China says no significant cut for rare earth quotas

By Zhou Xin and Michael Martina

BEIJING (BestGrowthStock) – China’s rare earth export quotas for 2011 will not be significantly cut from recent levels, a commerce official said on Monday, reinforcing Beijing’s efforts to soothe foreign companies and governments worried about supply.

A Chinese Vice Minister of Commerce, Chen Jian, made the comments at a news conference after weeks of international jitters about whether China could use its chokehold on 97 percent of global rare earths production to sharply reduce exports of the metals, which are used for many high-tech applications.

Chen’s comments came after Vietnam and Japan, a big consumer of rare earths from China, agreed at an Asian regional meeting in Hanoi on Sunday to partner on mining the minerals in Vietnam.

Japan and other countries, including the United States, have said they are seeking to diversify their access to rare earth supplies away from China, following indications that Chinese exports have been disrupted or blocked.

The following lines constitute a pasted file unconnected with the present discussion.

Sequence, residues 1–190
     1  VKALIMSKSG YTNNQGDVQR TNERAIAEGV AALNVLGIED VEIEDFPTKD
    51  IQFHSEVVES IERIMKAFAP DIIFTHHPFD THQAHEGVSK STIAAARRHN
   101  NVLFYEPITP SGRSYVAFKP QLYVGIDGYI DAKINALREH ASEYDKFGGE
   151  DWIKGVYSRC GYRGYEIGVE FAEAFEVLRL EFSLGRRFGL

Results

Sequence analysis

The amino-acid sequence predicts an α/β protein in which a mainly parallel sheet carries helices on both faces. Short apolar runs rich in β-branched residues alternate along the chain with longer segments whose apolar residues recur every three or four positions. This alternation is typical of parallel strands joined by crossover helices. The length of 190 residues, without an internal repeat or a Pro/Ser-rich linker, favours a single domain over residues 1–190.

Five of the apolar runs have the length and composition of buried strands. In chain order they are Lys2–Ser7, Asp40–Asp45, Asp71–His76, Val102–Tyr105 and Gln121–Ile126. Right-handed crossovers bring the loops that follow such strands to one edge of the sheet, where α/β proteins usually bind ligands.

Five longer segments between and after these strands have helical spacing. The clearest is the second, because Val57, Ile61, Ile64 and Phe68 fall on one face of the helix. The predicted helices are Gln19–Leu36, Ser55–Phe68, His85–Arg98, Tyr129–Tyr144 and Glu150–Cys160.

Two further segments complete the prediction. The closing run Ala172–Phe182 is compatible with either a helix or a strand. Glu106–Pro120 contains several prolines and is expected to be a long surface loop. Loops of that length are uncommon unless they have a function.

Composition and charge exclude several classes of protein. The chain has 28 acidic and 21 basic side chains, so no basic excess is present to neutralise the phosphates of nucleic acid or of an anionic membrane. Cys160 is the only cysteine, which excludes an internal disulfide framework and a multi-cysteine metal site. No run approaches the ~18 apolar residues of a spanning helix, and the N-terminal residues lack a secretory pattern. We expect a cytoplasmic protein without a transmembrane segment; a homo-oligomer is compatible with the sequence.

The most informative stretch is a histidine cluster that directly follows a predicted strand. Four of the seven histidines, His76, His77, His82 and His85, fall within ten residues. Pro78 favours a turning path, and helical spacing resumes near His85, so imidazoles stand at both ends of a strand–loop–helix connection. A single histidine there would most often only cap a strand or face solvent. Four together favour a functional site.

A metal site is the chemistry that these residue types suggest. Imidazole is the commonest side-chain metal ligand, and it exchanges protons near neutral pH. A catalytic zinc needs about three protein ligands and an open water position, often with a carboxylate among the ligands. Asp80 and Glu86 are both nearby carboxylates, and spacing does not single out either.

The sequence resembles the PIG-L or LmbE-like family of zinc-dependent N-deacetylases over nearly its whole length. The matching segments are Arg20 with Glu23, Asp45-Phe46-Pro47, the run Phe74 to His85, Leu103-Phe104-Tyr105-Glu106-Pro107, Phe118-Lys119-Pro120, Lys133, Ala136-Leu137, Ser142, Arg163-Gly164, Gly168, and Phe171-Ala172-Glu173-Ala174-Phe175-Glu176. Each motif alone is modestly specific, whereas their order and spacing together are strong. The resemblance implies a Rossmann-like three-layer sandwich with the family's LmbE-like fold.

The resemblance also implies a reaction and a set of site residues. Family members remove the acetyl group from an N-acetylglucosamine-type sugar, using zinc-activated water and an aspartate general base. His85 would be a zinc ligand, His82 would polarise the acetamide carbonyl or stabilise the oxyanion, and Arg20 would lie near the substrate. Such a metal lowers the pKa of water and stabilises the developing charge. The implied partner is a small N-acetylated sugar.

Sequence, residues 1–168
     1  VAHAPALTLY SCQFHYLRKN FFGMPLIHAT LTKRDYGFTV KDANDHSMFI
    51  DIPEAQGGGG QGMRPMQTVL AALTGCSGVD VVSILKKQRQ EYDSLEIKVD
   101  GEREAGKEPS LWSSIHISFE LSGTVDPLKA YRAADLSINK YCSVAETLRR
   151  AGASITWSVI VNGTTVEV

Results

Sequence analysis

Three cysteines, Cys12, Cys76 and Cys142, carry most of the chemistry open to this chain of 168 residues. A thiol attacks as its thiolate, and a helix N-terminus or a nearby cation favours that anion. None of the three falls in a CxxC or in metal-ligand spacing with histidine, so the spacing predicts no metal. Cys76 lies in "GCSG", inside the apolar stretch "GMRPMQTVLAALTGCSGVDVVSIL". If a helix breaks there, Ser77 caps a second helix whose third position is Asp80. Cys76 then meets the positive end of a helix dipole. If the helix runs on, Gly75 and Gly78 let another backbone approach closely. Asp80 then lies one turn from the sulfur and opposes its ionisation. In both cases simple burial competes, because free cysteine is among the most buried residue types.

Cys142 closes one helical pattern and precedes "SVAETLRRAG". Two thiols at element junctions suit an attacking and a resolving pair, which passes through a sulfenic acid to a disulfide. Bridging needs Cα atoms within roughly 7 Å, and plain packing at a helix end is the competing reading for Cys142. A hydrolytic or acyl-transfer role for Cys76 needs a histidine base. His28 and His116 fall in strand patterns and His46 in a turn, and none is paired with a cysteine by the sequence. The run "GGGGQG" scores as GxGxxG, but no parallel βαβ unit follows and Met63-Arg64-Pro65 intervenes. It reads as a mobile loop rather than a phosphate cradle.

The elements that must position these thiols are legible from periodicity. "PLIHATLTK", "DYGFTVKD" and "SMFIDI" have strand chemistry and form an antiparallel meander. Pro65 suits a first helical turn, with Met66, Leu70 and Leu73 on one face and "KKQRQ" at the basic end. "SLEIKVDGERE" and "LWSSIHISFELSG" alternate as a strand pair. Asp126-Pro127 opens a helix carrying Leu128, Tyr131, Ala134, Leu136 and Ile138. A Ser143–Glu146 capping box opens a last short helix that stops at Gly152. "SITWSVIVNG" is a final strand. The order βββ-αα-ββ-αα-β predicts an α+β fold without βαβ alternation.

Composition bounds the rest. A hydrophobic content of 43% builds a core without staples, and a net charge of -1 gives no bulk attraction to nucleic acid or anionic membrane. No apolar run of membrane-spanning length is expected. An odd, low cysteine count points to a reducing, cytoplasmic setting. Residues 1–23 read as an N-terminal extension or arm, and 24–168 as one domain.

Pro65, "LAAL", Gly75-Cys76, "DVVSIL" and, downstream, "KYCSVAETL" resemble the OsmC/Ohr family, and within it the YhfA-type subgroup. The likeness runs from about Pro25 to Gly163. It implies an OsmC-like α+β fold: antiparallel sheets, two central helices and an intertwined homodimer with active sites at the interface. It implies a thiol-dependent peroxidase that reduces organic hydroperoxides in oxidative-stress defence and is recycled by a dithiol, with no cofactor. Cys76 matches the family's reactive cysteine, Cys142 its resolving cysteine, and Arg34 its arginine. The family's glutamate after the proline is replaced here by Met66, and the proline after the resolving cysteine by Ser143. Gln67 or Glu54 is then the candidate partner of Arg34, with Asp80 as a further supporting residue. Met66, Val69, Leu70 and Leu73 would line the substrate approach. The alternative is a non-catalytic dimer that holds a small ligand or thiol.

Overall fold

Beijing has repeatedly said it is within its rights to control exports and its foreign customers should not be alarmed.

“I don’t think there will be a big cut in export quotas,” Chen said, when asked whether China would slash rare earth exports next year.

“China has a management system, but China has no embargoes,” he said. “But that does not mean you can buy freely, there will be a quota system — the quota system is a way of management.”

This year, Beijing has slashed export quotas by around 40 percent from 2009 levels, saying it needs to protect reserves from reckless exploitation. It mined about 120,000 metric tons of rare earths in 2008.

China holds about a third of the known, exploitable global reserves of rare earths, but it worries that its supplies will be depleted within decades at current rates of mining.

Chen, the commerce official, repeated the government’s position that its efforts to regulate exports of the metals were fair, and needed for environmental reasons.

“There are many countries and governments in the world, they have rare earth resources, but they don’t allow exploration, let alone exports,” he said.

“China’s rare earth industry is full of problems — excessive exploitation, rampant smuggling and serious environmental pollution,” Chen added. “Don’t you think the Chinese government has to step in and enhance management?”

(Writing by Chris Buckley and Michael Martina; Editing by Daniel Magnowski)

China says no significant cut for rare earth quotas